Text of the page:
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Project Application

Timeline

We cannot provide an estimated processing time for this application; the appropriate government ministries, departments, and agencies must also review the reports.

Purpose of the Application

Some project applications submitted to us will require environmental impact assessment (EIA) reports to be submitted along with them. Applications under the following acts may also need to be submitted along with the project application:

  • Environmental Protection and Enhancement Act (EPEA)
  • Water Act
  • Public Lands Act
  • Oil Sands Conservation Act
  • Coal Conservation Act

EIA reports are required for large projects that could have significant environmental and socioeconomic impacts. Our environmental assessment (EA) process is governed by the following legislation:

Process Checklist

Although we administer the EA process and review EIA reports for completeness, the appropriate provincial ministries (Alberta Transportation, Alberta Health, Alberta Indigenous Relations, and Alberta Culture and Tourism) and federal government departments and agencies may also review the EIA reports.

Submit an Application
Applicants must submit integrated application paper copies and electronic copies (EIA report and associated applications under the various enactments) to the AER.

Review Process

  1. We publish notices (up to five) at several stages of the EA process to encourage public participation in the review of the proposed activities.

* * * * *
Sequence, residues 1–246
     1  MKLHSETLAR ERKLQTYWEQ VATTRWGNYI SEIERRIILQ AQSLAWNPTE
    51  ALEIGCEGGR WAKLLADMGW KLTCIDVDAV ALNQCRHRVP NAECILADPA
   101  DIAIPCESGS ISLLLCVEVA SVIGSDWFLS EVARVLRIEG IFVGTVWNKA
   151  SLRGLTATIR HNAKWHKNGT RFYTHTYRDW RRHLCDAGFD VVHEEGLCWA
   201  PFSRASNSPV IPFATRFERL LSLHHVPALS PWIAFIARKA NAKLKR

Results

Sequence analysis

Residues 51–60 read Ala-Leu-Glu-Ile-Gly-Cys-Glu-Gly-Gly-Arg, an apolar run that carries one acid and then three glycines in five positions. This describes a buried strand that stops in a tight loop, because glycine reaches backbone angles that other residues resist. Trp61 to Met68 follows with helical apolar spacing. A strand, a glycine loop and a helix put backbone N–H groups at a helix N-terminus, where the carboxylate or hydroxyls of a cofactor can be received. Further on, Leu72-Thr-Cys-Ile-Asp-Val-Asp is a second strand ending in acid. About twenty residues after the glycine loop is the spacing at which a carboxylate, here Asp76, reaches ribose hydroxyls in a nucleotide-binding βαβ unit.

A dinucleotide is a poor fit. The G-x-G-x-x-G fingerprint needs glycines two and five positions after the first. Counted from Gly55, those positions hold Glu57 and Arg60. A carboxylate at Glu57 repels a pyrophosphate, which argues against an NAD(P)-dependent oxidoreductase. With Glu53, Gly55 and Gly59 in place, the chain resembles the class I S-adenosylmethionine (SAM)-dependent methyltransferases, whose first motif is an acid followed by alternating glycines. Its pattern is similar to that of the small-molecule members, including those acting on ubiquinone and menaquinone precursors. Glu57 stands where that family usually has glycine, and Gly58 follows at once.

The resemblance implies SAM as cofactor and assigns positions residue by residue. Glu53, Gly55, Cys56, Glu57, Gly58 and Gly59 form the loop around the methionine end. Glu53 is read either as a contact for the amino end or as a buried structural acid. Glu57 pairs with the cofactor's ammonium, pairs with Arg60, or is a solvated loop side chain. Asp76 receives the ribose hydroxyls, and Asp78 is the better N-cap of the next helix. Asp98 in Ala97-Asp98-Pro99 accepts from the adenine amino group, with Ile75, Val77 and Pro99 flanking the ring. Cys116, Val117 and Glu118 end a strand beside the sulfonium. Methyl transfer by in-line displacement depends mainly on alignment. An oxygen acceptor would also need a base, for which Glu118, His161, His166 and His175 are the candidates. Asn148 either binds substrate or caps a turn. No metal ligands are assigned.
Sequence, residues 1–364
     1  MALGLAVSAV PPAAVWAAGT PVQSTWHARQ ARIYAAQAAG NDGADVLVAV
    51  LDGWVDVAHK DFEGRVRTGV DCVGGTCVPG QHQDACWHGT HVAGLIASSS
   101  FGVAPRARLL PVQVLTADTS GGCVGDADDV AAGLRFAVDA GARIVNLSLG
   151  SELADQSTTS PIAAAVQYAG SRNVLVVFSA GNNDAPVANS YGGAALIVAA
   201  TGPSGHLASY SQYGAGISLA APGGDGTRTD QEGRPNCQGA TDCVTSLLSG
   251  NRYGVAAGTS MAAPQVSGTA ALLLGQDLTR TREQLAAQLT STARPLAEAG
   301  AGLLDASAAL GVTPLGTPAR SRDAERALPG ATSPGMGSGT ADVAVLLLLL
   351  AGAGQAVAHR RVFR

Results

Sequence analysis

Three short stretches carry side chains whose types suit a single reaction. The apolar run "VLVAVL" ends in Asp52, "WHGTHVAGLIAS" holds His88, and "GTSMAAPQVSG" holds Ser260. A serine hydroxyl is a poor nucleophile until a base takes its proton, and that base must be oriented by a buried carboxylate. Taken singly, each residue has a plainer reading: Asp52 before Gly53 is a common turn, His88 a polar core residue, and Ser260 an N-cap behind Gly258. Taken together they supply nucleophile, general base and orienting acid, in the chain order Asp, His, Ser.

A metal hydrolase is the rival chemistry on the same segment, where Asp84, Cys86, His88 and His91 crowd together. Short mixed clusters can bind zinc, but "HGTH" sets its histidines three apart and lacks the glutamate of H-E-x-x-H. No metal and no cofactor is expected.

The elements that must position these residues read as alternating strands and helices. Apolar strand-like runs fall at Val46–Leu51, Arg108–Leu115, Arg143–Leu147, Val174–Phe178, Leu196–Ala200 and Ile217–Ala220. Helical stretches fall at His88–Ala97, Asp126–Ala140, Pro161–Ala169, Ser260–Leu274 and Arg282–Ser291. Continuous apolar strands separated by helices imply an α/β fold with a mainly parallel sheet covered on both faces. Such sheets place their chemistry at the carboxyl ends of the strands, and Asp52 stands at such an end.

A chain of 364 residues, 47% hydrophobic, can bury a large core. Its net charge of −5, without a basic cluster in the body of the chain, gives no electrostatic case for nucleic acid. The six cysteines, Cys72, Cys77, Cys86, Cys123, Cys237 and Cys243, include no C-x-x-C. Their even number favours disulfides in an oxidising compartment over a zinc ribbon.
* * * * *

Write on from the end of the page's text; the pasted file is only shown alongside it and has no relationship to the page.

2. If an EIA report is needed, the applicant must develop and submit proposed terms of reference to the AER.
  3. After considering input provided through a notice period (e.g., from the public, indigenous communities, and our subject matter experts), we will develop a final terms of reference.
  4. The applicant prepares its EIA report according to the final terms of reference.
  5. The applicant submits the integrated application.
  6. Anyone who believes they may be directly and adversely affected by an application can file a statement of concern (SOC) on the application. If we receive an SOC, it may take us longer to process the application.
  7. We send the integrated application to internal and external parties for technical review. External parties may include provincial government departments and the federal government.
  8. We may request additional information (through a joint supplemental information request) to complete our technical review.
  9. The EIA report is deemed complete when it meets the information requirements of the final terms of reference.
  10. Once the EIA report is deemed complete, it is used to help determine if the project is in the public interest. This determination may require a hearing. If the project must go to a hearing, a panel will be established. After the hearing, a decision report will be published. If the project is determined to be in the public interest, our approval process can begin.
  11. We will decide to approve, close, or deny the application. First Nations must be appropriately consulted before a decision is made. If we close the application, the applicant may reapply without prejudice. If we deny it, the applicant can file an appeal through our appeal process.
  12. We will provide the applicant with a link to the letter with our decision, which is accessible for 30 days through the Integrated Application Registry. We will also share our decision on our Publication of Decision page.